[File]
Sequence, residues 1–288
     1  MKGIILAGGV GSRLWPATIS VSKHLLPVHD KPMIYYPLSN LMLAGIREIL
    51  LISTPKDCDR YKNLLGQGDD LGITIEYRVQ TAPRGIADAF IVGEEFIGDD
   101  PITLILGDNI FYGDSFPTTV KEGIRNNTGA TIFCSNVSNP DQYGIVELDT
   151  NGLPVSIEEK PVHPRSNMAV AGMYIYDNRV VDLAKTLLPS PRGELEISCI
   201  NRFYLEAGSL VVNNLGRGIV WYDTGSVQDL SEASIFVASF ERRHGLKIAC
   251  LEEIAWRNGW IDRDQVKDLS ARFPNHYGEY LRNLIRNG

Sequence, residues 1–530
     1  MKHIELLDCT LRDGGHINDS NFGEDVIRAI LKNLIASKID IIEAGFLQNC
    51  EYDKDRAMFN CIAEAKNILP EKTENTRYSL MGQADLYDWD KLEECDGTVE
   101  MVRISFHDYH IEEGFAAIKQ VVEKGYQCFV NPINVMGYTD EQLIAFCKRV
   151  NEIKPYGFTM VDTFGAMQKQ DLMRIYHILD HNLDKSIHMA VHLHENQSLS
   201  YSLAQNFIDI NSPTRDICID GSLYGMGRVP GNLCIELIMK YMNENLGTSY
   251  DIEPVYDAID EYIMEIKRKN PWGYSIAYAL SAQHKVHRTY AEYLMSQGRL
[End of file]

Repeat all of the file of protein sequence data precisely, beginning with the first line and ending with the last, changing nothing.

Sequence, residues 1–288
     1  MKGIILAGGV GSRLWPATIS VSKHLLPVHD KPMIYYPLSN LMLAGIREIL
    51  LISTPKDCDR YKNLLGQGDD LGITIEYRVQ TAPRGIADAF IVGEEFIGDD
   101  PITLILGDNI FYGDSFPTTV KEGIRNNTGA TIFCSNVSNP DQYGIVELDT
   151  NGLPVSIEEK PVHPRSNMAV AGMYIYDNRV VDLAKTLLPS PRGELEISCI
   201  NRFYLEAGSL VVNNLGRGIV WYDTGSVQDL SEASIFVASF ERRHGLKIAC
   251  LEEIAWRNGW IDRDQVKDLS ARFPNHYGEY LRNLIRNG

Sequence, residues 1–530
     1  MKHIELLDCT LRDGGHINDS NFGEDVIRAI LKNLIASKID IIEAGFLQNC
    51  EYDKDRAMFN CIAEAKNILP EKTENTRYSL MGQADLYDWD KLEECDGTVE
   101  MVRISFHDYH IEEGFAAIKQ VVEKGYQCFV NPINVMGYTD EQLIAFCKRV
   151  NEIKPYGFTM VDTFGAMQKQ DLMRIYHILD HNLDKSIHMA VHLHENQSLS
   201  YSLAQNFIDI NSPTRDICID GSLYGMGRVP GNLCIELIMK YMNENLGTSY
   251  DIEPVYDAID EYIMEIKRKN PWGYSIAYAL SAQHKVHRTY AEYLMSQGRL